Ethical issues that arise are a result of the content of the pictures shared. In this case, an uploaded picture might be offensive, pornographic, violent, or vilifying. Therefore, it is the responsibility of the FlowTow to ensure that the content uploaded by the users follows the established guidelines for allowed content. The website has established a ‘Not Safe for Work’ (NSFW) section where pictures with semi-nudes, but not pornographic, can be allowed. This section is age specific, such that those under a certain age limit will not have access to the section. Moreover, the web application deletes any picture that goes against the general guidelines for the site, while the user is warned (Safko, 2010).
FlowTow has established a policy whereby users can report pictures that flout our rules on the website. The reported pictures then go through the filtering system and appropriate action is taken. According to Dudley, Braman, and Vincenti (2012), Flickr, a photo-sharing app, had to establish specific age restriction policies in Germany because the region had different requirements and harsh penalties for those who violated the law. Therefore, the company established restrictions based on individual countries and age. This is the same case with FlowTow. Such restrictions will ensure the web application meets the legal requirements in the countries it is established.
Many legal and ethical issues face the FlowTow web application, especially where content for the web application comes from registered users. This report analysed the various legal and ethical issues that FlowTow will face during the launch and management of the company. It also focused on the solutions to the issues, based on various resources and examples from companies running a similar web application. The issues include legal concerns related to copyright of the content created by the site. It is vital for the company to acquire the Creative Commons license to ensure any copyright issues are avoided. The company also has to deal with ethical issues by developing a policy to guide the use of inappropriate content on the web application. For instance, the site can use age and regional restrictions in controlling access to materials.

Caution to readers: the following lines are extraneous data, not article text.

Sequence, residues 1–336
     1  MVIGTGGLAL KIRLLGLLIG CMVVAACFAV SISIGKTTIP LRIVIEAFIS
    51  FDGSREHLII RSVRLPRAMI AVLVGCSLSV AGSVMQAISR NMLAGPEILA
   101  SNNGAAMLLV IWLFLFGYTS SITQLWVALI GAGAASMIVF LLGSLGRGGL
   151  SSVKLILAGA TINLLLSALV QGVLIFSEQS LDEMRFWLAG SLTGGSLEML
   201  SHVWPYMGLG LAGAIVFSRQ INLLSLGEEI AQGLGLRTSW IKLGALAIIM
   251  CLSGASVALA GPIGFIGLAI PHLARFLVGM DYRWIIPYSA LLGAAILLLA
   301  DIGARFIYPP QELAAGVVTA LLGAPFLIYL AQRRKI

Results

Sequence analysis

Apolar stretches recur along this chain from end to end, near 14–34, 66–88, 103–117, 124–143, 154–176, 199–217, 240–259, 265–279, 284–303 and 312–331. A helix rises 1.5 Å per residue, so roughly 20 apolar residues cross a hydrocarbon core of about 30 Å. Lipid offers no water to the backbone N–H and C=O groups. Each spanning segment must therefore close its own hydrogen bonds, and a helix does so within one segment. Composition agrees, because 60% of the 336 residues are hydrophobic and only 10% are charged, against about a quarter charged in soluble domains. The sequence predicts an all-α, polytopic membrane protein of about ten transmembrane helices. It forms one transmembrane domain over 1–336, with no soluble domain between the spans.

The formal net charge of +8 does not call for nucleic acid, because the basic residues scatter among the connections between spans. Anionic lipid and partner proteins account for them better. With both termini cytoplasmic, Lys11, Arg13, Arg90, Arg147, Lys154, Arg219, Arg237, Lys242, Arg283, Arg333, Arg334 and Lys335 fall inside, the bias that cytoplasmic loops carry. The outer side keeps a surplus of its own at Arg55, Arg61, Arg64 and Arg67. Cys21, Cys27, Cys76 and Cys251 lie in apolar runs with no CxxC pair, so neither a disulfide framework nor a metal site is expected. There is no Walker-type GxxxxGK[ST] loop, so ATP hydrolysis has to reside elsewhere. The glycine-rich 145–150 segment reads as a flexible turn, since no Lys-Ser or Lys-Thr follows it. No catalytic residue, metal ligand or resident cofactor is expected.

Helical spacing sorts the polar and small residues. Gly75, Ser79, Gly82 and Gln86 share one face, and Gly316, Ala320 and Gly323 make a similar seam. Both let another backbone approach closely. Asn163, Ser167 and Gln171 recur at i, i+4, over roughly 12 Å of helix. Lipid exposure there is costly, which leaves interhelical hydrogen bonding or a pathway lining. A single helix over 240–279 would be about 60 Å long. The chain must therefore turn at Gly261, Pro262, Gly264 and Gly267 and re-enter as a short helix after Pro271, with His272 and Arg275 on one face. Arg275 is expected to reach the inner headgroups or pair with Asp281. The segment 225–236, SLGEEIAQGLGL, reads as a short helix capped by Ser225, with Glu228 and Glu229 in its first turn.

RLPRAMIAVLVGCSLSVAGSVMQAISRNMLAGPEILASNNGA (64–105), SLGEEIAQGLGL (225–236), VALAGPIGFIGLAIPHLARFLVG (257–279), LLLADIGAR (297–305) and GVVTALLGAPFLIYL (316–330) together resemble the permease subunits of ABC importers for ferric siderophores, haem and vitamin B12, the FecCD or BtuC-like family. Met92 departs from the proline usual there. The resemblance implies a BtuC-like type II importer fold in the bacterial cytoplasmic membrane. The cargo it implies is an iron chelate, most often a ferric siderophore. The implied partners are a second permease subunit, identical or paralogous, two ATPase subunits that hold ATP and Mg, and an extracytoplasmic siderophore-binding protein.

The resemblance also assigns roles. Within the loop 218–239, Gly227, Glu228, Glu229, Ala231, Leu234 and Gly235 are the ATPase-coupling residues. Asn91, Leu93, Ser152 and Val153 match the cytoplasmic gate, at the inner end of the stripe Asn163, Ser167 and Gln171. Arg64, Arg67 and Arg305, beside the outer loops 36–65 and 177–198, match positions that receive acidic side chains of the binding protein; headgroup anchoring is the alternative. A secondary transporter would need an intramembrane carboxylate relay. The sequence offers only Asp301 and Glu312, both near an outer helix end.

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Brooks, EC 2013, Legal and ethical issues for the IBCLC, 1st edn, Jones & Bartlett Learning, Burlington, MA.
Dudley, A, Braman, J & Vincenti, G 2012, Investigating cyber law and cyber ethics: Issues, impacts and practices, 1st edn, Information Science Reference, Hershey, PA.
Guan, L, He, Y & Kung, S 2012, Multimedia image and video processing, 2nd edn, CRC Press, Boca Raton, FL.
Safko, L 2010, The social media bubble: tactics, tools, ad strategies for business success, 2nd edn, Wiley, Hoboken, NJ.